Financial industry will need to tap USD100bn of idle or unrecognised assets to address collateral shortfall
The global financial industry will need to find almost USD100 billion in additional collateral to support the demands of the increasingly sophisticated collateral management ecosystem that has emerged in the wake of EMIR and Dodd-Frank, according to a new paper by Capco, a global management and technology consultancy.
An estimated USD97 billion in previously untapped assets will be required to meet current and emerging collateral requirements, including the adoption of two-way initial margin (IM) capabilities – which alone accounts for USD60 billion of the shortfall – along with enhanced capabilities to meet the need for IM for cleared trades, pre-funded variation margin, segregation requirements, default fund contributions and tighter collateral eligibility.
James Arnett, Partner at Capco, says: “We have already seen a big spike in collateral requirements in recent years, forcing firms to seek out new sources of high-quality liquid assets within their inventories and via external channels. A range of factors mean that the supply of eligible collateral is continuing to tighten and as a result borrowing costs are still trending upwards. So while firms still need to focus on efficiencies and optimisation, they will also need to tap previously neglected or unrecognised pools of collateral.”
Financial firms have started breaking down silos and with the assistance of cutting-edge technology and business collaborations have come a long way - but to attain collateral nirvana, much work still needs to be done.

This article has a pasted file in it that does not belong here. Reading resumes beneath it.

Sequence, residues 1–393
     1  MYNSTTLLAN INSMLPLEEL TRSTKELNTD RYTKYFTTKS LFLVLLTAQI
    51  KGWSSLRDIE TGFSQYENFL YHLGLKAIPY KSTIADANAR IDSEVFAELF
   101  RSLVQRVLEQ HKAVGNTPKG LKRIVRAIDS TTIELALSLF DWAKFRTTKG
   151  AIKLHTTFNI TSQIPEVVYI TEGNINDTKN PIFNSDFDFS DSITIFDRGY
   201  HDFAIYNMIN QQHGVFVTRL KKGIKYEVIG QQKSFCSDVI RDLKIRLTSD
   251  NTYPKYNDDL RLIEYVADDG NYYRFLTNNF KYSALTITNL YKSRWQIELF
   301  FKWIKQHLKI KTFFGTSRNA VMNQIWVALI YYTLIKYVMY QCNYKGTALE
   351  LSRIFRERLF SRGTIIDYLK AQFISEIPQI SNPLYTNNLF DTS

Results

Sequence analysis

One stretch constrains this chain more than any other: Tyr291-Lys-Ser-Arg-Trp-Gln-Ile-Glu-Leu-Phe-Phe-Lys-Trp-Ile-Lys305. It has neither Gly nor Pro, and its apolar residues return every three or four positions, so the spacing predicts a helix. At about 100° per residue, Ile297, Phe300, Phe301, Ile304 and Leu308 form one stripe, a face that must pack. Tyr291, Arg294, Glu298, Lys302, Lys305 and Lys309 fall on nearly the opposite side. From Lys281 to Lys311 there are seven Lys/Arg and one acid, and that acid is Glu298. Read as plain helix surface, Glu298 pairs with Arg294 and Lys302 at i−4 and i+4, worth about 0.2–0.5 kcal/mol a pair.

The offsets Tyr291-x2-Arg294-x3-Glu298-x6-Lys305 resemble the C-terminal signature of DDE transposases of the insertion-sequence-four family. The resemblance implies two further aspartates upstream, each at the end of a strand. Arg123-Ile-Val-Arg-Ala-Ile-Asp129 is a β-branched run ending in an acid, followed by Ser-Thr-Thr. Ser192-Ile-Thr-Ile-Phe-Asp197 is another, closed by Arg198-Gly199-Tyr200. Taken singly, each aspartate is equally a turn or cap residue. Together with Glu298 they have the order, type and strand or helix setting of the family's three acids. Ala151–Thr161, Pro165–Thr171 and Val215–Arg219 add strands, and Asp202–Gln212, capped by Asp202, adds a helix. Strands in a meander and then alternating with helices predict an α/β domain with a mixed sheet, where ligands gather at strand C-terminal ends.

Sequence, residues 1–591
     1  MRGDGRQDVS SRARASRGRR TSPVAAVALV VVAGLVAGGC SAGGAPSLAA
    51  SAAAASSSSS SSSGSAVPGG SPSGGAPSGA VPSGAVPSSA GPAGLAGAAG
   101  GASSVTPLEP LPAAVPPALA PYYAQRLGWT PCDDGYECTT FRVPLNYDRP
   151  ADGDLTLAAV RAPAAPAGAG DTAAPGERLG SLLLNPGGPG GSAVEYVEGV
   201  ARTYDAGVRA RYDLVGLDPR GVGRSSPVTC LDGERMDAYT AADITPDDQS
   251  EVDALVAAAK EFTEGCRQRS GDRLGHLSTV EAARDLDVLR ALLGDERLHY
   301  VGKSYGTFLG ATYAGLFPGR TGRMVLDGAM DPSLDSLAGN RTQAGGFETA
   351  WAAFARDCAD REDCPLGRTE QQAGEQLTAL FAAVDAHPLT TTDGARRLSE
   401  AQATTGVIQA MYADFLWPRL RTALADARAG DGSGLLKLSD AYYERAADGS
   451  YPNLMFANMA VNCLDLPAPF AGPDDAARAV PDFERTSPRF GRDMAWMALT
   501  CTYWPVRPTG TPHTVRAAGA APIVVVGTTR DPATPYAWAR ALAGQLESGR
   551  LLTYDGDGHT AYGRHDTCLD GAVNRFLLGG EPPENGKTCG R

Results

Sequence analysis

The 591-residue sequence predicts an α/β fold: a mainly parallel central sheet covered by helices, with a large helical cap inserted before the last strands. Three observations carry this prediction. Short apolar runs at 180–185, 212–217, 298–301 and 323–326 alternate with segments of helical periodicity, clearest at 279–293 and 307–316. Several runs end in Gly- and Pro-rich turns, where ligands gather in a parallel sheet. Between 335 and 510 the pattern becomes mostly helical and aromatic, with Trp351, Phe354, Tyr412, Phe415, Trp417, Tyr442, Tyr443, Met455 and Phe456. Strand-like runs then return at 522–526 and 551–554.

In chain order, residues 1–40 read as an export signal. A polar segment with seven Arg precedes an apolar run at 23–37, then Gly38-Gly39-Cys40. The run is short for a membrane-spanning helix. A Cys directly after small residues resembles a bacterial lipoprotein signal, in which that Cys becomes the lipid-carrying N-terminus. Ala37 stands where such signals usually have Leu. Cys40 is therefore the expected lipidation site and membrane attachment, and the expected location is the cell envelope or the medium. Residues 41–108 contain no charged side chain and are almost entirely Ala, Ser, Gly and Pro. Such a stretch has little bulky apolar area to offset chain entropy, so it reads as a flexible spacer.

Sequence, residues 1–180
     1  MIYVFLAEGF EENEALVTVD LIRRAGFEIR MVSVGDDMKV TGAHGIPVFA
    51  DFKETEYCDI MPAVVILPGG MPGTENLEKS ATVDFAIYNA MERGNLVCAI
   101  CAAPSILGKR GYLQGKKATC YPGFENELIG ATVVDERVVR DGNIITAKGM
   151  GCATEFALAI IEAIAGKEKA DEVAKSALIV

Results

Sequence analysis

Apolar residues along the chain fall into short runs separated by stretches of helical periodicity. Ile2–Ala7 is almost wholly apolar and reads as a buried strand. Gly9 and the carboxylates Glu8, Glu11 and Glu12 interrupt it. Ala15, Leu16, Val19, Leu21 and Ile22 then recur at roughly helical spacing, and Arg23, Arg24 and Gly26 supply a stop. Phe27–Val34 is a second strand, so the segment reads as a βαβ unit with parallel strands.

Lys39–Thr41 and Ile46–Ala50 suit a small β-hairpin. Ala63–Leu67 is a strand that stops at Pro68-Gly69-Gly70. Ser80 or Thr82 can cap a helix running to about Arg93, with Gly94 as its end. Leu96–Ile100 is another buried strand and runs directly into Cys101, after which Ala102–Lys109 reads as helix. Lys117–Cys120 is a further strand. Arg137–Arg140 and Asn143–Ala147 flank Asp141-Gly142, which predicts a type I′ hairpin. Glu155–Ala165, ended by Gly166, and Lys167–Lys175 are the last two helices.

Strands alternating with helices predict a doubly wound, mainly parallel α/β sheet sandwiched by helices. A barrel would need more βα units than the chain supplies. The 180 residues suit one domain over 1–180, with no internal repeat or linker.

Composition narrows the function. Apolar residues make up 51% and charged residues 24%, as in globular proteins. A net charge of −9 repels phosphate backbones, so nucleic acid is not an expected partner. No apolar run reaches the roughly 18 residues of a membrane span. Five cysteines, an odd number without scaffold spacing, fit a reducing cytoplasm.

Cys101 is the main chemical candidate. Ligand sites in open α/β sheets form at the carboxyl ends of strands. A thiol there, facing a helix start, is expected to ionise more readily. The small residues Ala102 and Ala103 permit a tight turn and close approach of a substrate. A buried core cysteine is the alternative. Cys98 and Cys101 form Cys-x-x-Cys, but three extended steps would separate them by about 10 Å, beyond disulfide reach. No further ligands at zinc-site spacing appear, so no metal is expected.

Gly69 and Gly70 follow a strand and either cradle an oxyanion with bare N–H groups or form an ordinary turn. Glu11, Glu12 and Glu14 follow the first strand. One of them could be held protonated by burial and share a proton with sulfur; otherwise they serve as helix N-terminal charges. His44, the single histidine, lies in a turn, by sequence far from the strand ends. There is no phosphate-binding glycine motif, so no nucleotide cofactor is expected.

“Whilst new industry partnerships and a greater level of automation may alleviate some of the stress, the growing volume of margin calls, an increased demand for high-quality liquid assets, greater market fragmentation and regulatory burdens will all crank up the pressure on fractured processes, inflexible systems and a lack of cohesions through the value chain,” the paper notes.
In order to remain compliant, competitive and efficient, firms will need to prioritise a number of focus areas. These include potential buy-side impacts, notably around resources, in-house experience and operational ramifications. Ensuring technology is fit for purpose is another, as is addressing a lack of straight-through processing around legal documentation, specifically client service agreements.
Other key pain points include the calculation of valuations and exposures; margin call processing; collateral optimisation and segregation; trade reconciliations and dispute resolution; settlement processing and fails management; and reporting and record-keeping.
The sourcing of eligible assets, the blending of margin costs into execution price, and the ability to adapt to multiple regulatory regimes are also covered in the paper.